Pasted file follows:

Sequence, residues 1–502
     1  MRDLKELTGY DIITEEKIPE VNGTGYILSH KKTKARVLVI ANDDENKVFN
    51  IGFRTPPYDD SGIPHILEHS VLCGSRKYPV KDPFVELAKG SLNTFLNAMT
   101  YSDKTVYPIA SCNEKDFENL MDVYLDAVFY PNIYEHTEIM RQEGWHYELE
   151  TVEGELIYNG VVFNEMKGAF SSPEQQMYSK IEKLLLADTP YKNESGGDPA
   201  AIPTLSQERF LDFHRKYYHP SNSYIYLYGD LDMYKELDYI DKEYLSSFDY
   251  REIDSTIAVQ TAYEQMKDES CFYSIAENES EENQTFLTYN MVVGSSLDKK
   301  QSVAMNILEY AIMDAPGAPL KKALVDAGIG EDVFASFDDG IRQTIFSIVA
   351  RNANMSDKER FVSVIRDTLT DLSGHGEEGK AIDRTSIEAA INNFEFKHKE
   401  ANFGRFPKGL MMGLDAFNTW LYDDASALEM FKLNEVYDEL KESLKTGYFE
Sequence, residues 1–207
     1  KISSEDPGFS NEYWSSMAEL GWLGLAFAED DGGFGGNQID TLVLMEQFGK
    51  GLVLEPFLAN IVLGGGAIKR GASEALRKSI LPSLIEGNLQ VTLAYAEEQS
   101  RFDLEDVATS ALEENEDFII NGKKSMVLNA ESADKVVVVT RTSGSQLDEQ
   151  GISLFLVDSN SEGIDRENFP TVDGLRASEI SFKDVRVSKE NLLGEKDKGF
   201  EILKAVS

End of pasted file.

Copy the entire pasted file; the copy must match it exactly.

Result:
Sequence, residues 1–502
     1  MRDLKELTGY DIITEEKIPE VNGTGYILSH KKTKARVLVI ANDDENKVFN
    51  IGFRTPPYDD SGIPHILEHS VLCGSRKYPV KDPFVELAKG SLNTFLNAMT
   101  YSDKTVYPIA SCNEKDFENL MDVYLDAVFY PNIYEHTEIM RQEGWHYELE
   151  TVEGELIYNG VVFNEMKGAF SSPEQQMYSK IEKLLLADTP YKNESGGDPA
   201  AIPTLSQERF LDFHRKYYHP SNSYIYLYGD LDMYKELDYI DKEYLSSFDY
   251  REIDSTIAVQ TAYEQMKDES CFYSIAENES EENQTFLTYN MVVGSSLDKK
   301  QSVAMNILEY AIMDAPGAPL KKALVDAGIG EDVFASFDDG IRQTIFSIVA
   351  RNANMSDKER FVSVIRDTLT DLSGHGEEGK AIDRTSIEAA INNFEFKHKE
   401  ANFGRFPKGL MMGLDAFNTW LYDDASALEM FKLNEVYDEL KESLKTGYFE
Sequence, residues 1–207
     1  KISSEDPGFS NEYWSSMAEL GWLGLAFAED DGGFGGNQID TLVLMEQFGK
    51  GLVLEPFLAN IVLGGGAIKR GASEALRKSI LPSLIEGNLQ VTLAYAEEQS
   101  RFDLEDVATS ALEENEDFII NGKKSMVLNA ESADKVVVVT RTSGSQLDEQ
   151  GISLFLVDSN SEGIDRENFP TVDGLRASEI SFKDVRVSKE NLLGEKDKGF
   201  EILKAVS